A family at Koroto Sub Location in Baringo North is protesting a court ruling, ordering exhumation of the body of their kin buried next to a classroom a week ago following land ownership row.
Speaking to the press at Kabarnet Town after the court ruling on Wednesdays, the family members led by Jacob Cherop said they were shocked by Kabarnet Resident Magistrate Viennah Amboko’s ruling because they strongly believed that the land was theirs.
Cherop added that the exhumation ruling was unfair to them since an earlier injunction case filed on January this year under section 3a and 63(c) of the civil procedure act by the deceased, Paul Kipchabas Ruto was not honoured.
The application sought to restrain BOM of both Koroto day Seconday and Koroto Primary School and County government of Baringo from further engagements on the disputed land measuring about 20 acres.
According to the family, the deceased had donated 10 acres of land for Koroto primary school some years back but has encroached on the remaining land and built a day secondary school without their consent. “The fence is still intact and other structures but the school board and the head teacher have never engaged us until the demise of our brother from a terminal illness,” he said.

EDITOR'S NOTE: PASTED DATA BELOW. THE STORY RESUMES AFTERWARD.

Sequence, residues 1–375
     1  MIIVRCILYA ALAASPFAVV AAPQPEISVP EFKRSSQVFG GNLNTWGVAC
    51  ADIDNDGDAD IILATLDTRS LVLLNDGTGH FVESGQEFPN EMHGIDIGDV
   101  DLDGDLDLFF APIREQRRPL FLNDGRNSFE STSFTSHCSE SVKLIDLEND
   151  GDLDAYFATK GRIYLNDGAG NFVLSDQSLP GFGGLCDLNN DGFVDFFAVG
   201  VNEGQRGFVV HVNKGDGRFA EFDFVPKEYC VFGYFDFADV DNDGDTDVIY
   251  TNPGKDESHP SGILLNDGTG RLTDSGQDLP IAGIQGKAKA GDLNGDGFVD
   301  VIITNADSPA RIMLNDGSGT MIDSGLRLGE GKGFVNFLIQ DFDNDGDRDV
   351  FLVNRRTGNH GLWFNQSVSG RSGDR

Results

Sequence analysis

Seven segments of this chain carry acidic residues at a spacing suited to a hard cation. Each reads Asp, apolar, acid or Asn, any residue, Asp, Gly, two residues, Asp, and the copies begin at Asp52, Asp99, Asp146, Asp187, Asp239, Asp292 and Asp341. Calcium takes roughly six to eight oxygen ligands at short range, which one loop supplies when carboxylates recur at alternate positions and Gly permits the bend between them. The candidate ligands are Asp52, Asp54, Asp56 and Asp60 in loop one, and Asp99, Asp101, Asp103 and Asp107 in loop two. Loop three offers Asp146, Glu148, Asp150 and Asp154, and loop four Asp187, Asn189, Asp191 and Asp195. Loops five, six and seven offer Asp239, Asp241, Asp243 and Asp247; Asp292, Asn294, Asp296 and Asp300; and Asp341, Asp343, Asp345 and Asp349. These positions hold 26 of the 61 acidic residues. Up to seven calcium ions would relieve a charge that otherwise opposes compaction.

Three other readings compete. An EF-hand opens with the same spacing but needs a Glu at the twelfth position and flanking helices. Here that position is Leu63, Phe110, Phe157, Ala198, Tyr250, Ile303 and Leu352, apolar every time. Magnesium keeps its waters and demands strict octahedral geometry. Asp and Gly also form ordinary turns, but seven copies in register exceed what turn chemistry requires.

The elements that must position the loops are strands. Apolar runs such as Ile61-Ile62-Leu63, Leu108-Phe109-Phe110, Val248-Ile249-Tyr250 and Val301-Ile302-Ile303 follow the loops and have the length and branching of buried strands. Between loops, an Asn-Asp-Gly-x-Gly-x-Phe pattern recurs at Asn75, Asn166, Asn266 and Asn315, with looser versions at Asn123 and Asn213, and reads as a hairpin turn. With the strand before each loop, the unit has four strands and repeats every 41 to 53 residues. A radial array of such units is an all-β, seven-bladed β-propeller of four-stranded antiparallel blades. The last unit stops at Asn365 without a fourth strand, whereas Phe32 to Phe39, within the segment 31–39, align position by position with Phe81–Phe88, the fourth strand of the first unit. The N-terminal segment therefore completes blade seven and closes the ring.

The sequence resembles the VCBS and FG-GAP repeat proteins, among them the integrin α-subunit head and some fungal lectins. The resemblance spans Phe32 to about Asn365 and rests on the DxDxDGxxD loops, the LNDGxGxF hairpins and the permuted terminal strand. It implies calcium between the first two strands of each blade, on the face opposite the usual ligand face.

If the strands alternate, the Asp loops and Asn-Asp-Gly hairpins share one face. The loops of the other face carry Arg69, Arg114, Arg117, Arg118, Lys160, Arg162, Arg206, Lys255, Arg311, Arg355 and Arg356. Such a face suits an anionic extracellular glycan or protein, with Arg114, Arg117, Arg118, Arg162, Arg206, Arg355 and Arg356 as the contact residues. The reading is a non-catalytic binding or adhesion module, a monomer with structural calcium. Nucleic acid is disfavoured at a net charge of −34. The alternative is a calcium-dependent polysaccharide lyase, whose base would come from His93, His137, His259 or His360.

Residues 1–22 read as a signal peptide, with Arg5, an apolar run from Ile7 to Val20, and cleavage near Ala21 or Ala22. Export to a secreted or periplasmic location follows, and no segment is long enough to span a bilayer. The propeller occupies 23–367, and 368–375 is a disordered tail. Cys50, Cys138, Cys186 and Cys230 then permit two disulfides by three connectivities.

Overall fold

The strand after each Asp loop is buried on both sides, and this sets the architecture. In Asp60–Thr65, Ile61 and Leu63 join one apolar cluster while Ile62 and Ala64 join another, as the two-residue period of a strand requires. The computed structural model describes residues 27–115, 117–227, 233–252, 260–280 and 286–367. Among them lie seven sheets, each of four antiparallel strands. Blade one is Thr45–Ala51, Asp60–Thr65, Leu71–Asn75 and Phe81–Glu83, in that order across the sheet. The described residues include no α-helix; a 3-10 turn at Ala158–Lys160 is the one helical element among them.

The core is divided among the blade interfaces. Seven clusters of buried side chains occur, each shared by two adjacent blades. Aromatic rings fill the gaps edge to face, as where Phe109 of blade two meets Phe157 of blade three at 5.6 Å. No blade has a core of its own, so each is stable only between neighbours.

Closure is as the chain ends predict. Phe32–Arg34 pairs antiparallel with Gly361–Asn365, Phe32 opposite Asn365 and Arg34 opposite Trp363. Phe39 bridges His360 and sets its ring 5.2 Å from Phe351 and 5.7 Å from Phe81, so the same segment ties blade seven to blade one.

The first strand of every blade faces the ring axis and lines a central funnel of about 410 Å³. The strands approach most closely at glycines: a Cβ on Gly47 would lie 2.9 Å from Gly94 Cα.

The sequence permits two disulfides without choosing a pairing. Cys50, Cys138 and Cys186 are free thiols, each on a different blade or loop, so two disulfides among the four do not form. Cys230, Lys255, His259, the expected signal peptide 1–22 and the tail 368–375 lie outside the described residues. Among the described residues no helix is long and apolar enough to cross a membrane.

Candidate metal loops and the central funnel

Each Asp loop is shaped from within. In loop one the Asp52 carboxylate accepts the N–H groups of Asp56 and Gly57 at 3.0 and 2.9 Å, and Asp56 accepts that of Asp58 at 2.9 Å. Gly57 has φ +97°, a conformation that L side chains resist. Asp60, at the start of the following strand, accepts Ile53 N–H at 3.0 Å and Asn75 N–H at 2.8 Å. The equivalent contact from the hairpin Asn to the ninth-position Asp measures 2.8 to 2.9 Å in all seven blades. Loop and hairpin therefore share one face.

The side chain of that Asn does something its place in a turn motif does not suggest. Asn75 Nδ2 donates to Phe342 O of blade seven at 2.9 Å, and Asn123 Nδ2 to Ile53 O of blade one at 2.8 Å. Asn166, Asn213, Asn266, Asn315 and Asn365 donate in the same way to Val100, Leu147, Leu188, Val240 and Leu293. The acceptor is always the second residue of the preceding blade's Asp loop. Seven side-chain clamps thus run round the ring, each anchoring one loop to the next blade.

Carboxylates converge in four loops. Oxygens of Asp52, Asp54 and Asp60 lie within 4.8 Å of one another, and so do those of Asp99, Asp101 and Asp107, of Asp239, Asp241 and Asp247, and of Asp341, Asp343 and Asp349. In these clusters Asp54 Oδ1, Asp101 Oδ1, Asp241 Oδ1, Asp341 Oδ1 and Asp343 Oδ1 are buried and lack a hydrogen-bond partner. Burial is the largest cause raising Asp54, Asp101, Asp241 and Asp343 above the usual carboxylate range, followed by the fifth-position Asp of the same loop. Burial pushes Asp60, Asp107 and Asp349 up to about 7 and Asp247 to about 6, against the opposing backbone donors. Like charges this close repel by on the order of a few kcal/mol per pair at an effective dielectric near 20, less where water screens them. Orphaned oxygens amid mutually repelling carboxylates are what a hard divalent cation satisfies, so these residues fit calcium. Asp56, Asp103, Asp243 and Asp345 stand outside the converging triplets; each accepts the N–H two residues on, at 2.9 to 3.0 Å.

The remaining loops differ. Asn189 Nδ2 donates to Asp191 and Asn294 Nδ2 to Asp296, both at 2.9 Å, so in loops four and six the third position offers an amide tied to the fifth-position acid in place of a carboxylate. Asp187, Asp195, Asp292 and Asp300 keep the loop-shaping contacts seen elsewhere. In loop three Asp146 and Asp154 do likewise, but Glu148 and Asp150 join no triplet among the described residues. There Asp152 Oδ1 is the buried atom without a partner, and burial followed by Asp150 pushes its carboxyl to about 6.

Edna Chebon, a sister in-law to Kipchabas said the deceased was not the only one that has been buried in the disputed land since other members from Kamengich clan have also been buried there.
Chebon stated that it was unfortunate that the deceased who was the sole complainant had passed on during a time when he was still searching for justice over encroachment of his land.
She claims that the deceased in his will had instructed some of the family members to bury him next to the newly constructed classrooms sitting in the disputed land.
David Ruto, brother to the deceased lamented that the court had been dragging in determining the pending case by adjourning it severally yet the verdict of the second case by the school was arrived at very fast.
The family has since vowed not to receive the exhumed body since it was against their customs to go against the deceased wishes.
Andrew Kimuge, son to the deceased on his part alleged that the schools do not even have allotment letters to justify their ownership and urged the Ministry Of Education to intervene and have the matter solved amicably.
On his part, Bishop William Kitilit, Chair of Baringo Human Right Consortium said that the matter was hurriedly ruled without the input of the elders who were well versed with local land boundaries.
Kitilit warned that if such conflicts are not resolved amicably, they can breed enmity and heighten animosity between members of the society and institutions.
By Benson Kelio and Christopher Kiprop